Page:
Little political magazines try to traffic in big, often unorthodox ideas-the sort of ideas that don’t always enjoy mainstream circulation. Dissent has been making this effort since 1954. Its founders came out of the left, and they considered the mood back then to be both smug and wanting. “Ikeism,” wrote editor Irving Howe in Dissent‘s third issue, referring to President Dwight D. Eisenhower’s nickname, was really the longing for an “era BC-Before Complexity,” a time when all questions were simple and answers easy. Dissent‘s initiators, which included sociologist Lewis Coser, a refugee from Hitler’s Europe, and Meyer Schapiro, the eminent art critic, didn’t imagine that their journal would change the world. (“When intellectuals cannot do anything else,” Howe would quip, “they start a magazine.”) But they did hope to make intellectual life just a bit more complicated for both the right and the left in an era A.D.-after Dissent‘s birth-by provoking debates about political ideas and about American and global issues. They believed in the value of disagreement, especially in a society that celebrated consensus. The same hope and belief animate its editors and writers today.
Wending through articles from the past fifty years, you will encounter arguments about the nature of capitalism, socialism, and democracy and on the impact of the cold war, McCarthyism, and mass culture. You will find appraisals of liberal and conservative politics along with anger at the malevolence of American racism and dismay over the disaster of Vietnam. You will come upon descriptions of political movements and political moments, together with reflections on culture and counter-cultures, feminism, pluralism, and the meaning(s) of social inequality. You will find authors thinking about the end of communism, the growth of globalization, and the vicissitudes of America’s superpower status. Fifty years cover a lot of politics, a lot of contention, a lot of ideas.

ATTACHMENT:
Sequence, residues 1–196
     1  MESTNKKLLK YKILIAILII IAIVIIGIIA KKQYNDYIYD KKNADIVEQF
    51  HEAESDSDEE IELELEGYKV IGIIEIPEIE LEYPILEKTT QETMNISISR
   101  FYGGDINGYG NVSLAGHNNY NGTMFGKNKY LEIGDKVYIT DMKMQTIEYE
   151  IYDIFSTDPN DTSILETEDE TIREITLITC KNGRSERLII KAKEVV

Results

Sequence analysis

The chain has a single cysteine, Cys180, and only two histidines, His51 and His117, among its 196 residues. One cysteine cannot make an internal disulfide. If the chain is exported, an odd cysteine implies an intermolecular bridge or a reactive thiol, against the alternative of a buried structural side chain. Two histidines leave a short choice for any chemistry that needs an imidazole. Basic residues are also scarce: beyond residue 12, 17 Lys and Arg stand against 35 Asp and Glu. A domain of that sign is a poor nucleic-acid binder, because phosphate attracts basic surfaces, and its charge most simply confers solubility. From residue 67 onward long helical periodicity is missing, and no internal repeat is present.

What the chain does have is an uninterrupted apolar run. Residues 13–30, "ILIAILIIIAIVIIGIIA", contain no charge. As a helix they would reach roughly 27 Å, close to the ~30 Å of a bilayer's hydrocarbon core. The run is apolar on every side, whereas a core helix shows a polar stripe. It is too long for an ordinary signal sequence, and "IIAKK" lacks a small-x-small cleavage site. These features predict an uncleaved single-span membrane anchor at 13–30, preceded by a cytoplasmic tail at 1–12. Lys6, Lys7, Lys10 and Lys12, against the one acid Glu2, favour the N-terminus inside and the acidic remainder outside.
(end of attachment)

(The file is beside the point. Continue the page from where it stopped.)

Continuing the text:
Some readers may find it odd that Dissent still calls itself a journal of “left” ideas and “left” opinion. The word “left” is hardly in vogue these days. It is even less popular than “liberal,” and it wasn’t fashionable when Dissent first appeared. American conservatives have sought for decades to stigmatize everything “liberal” or “left,” and have had considerable public success in doing so. Their effort has been made easier by the historical fact that the United States-in contrast to much of Western Europe-never had a mass socialist party that distinguished itself sharply from both undemocratic communists and anti-egalitarian conservatives. When you say the word “left,” American conservatives conjure up images of mass-murdering Stalinists with totalitarian aspirations, of implo...
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